The Alpinists most similar competitor is the Black Diamond Ahwahnee. We prefer the Alpinist primarily because its pole pitch from the outside, making setup easier and faster, and youre also less likely to get snow or rain in the tent. The poles are better (DAC Featherlite NSL Green) and stronger, too. The fabrics are roughly equal, but the inclusion of a vestibule and significantly lower weight (by 23 ounces!) make the Alpinist a better shelter for light and fast missions. The Alpinist however is not as good for base camping (theres only one door).

The Alpinist 2 is $100 cheaper than similar single-walled shelters. This lower price, however, has tradeoffs (see below).

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The Marmot Alpinist's partial mesh door helps provide good ventilation.
Credit: Max Neale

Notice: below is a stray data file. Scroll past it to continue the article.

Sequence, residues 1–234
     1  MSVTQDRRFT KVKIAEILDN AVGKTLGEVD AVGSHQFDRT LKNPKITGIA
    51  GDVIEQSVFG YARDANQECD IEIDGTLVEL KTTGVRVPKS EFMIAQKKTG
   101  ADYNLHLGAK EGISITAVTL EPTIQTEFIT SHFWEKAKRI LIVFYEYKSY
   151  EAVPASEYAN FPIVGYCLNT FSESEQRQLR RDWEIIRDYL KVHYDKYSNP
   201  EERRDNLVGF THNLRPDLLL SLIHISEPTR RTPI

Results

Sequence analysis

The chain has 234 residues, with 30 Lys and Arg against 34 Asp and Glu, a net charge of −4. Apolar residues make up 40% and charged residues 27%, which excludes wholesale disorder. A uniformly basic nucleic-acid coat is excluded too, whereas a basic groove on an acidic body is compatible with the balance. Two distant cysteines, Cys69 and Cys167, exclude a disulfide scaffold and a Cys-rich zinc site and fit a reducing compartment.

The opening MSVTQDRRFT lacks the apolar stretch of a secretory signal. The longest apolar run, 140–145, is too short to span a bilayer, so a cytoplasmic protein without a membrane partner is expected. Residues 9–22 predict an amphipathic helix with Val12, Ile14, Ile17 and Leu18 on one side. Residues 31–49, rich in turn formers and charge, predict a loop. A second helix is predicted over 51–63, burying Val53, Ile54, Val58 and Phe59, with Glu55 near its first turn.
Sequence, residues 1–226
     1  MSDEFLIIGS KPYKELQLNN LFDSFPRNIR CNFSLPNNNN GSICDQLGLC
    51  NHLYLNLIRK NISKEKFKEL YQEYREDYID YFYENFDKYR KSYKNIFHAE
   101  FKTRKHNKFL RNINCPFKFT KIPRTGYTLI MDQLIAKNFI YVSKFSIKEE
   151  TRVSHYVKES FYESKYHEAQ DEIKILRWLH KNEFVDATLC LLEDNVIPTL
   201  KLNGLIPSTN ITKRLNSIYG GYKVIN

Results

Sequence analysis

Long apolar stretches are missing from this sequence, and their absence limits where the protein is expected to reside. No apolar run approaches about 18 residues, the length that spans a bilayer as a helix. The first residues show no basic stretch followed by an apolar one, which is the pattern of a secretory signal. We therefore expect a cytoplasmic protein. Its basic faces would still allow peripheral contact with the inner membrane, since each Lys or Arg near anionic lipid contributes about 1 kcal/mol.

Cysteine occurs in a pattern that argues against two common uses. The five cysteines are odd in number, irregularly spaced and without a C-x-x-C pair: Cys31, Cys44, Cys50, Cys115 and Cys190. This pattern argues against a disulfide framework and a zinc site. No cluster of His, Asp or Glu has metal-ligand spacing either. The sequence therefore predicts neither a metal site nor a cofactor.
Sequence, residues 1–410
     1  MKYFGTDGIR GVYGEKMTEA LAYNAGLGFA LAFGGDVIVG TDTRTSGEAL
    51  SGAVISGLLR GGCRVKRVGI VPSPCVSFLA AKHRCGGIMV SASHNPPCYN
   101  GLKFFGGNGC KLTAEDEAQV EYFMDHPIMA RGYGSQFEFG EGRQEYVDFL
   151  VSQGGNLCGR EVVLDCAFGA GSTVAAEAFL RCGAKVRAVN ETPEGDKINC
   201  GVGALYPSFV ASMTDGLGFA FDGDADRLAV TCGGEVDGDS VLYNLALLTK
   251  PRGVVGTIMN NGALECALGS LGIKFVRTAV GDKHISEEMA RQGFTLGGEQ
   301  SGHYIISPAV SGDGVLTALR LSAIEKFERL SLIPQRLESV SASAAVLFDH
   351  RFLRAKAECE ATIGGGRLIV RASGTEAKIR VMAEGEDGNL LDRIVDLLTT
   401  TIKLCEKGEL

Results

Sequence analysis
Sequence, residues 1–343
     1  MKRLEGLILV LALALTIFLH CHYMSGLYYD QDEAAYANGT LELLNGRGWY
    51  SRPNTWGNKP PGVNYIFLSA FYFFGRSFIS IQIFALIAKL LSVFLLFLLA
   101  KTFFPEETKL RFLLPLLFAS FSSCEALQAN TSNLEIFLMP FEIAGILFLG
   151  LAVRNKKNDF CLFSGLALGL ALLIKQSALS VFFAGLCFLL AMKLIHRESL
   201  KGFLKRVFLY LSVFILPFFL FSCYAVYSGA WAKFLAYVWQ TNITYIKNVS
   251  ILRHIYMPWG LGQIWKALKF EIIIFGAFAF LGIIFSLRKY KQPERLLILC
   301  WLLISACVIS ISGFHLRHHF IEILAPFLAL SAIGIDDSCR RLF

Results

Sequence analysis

Dislikes
While the Alpinist 2 is well rounded and well made, it occupies an odd niche in the four-season tent market. Its neither as strong nor as light as other single wall tents, but it is more versatile and more comfortable. Is the added comfort worth it? We think not.

Although the poles are high quality, the plastic clips that attach to them are not. Marmot uses a U-shaped clip that attaches to the pole in two places. This is the same clip thats used on their budget three-season Marmot Limelight 2 tent. We believe the Alpinist deserves stronger clips that alternate, left, right, left, right.